By 9:30 PM the sun was setting and the mosquitoes were out in force so we called it a night and slipped into our tent. The night sounds here were different than they had been on Island Lake. There were fewer frogs, but frequent and loud loon calls and a numerous Whippoorwills calling all around us. I had a hard time falling asleep from the racket. I could also make out the unmistakeable sound of a beaver gnawing away at wood. I couldn’t help worrying that he was chiseling away at some tree that would come crashing down on us. This irrational concern was brought to mind because on Blueberry Island there were several birches that had been brought down by beavers, including one full grown birch that is half-eaten through and leaning perillously over an established tent pad. The night was cool and windless and our blue tent was lit up from the outside by a big bright gibbous moon. The moon was waxing so within two nights it would be full.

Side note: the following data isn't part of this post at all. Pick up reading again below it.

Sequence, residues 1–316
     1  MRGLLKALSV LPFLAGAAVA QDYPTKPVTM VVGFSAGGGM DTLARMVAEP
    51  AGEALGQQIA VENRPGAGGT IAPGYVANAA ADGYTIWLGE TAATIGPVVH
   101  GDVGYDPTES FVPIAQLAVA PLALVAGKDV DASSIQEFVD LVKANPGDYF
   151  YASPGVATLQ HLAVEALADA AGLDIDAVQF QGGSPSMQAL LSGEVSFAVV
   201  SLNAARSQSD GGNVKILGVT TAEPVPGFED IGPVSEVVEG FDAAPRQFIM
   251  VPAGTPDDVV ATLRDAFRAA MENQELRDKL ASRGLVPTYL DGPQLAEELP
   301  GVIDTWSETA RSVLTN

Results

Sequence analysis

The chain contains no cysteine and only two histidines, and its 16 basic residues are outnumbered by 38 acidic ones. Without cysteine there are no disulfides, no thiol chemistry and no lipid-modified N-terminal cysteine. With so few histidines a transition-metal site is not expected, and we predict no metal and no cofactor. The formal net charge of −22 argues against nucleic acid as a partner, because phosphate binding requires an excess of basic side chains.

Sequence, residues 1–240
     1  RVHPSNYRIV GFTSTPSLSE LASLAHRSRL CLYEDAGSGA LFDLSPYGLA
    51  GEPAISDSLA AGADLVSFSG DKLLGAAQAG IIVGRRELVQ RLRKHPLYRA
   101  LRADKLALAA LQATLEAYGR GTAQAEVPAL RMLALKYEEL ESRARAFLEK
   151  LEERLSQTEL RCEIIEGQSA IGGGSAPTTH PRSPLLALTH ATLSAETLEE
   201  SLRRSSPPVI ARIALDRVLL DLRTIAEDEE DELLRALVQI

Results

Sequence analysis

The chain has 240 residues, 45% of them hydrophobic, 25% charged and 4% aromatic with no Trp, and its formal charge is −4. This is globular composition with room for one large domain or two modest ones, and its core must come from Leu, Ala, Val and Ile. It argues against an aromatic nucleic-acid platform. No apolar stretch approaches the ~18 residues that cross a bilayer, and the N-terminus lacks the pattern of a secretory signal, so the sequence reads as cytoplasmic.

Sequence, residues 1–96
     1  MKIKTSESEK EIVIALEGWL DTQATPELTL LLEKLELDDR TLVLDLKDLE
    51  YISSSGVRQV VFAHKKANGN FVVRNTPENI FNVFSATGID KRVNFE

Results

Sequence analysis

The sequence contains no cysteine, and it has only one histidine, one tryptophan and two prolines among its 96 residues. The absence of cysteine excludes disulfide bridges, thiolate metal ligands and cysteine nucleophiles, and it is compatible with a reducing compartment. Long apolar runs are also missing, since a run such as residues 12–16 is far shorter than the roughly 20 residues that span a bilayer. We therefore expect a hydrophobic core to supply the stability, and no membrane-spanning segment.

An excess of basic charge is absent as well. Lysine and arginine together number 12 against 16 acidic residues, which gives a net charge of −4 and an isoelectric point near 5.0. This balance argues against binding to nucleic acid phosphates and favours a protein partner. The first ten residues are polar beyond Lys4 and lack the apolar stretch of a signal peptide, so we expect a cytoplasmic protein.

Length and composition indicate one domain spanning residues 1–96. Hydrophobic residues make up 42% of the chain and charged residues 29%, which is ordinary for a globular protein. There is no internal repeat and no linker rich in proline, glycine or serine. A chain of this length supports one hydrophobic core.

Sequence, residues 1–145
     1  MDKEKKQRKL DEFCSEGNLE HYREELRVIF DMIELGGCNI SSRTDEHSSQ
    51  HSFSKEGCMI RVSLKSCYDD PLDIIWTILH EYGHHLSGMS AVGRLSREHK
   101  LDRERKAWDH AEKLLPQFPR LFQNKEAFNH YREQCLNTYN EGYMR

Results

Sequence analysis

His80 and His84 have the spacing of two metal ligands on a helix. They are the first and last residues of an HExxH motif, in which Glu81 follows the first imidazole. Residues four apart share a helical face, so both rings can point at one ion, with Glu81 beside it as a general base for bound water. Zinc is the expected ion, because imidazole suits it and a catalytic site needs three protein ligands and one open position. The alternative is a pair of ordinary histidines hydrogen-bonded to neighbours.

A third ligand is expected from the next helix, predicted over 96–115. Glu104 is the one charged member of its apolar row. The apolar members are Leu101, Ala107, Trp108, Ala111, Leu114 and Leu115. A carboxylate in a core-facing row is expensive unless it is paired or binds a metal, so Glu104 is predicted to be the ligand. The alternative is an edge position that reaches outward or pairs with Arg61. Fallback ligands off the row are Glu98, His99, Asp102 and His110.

Ilana had a fitful sleep and tossed quite a bit overnight, which affected my sleep as well, so we slept in until 7:00 AM and crawled out of the tent some time after that. Breakfast was our usual hot oatmeal with blueberries freshly picked from the evening before with coffee. It’s hard to tire of oatmeal when it’s loaded with brown sugar, raisins, chopped walnuts and fresh blueberries.

It was laundry day for Ilana so she took some of the clothes she’d worn in the last couple of days and let them soak in our big cooking pot full of lake water before changing the water, adding biogedgradble soap and scrubbing the clothes the old fashioned way in the pot. Meanwhile I decided to try out our solid stone latrine. Alas, our all-natural mini outhouse did not prove as comfortable to me as it had for Ilana. Seems that a boy’s bits and pieces get in the way in such a setup (I should have realized it upon looking at it), so I would need to contrive something more comfortable for myself.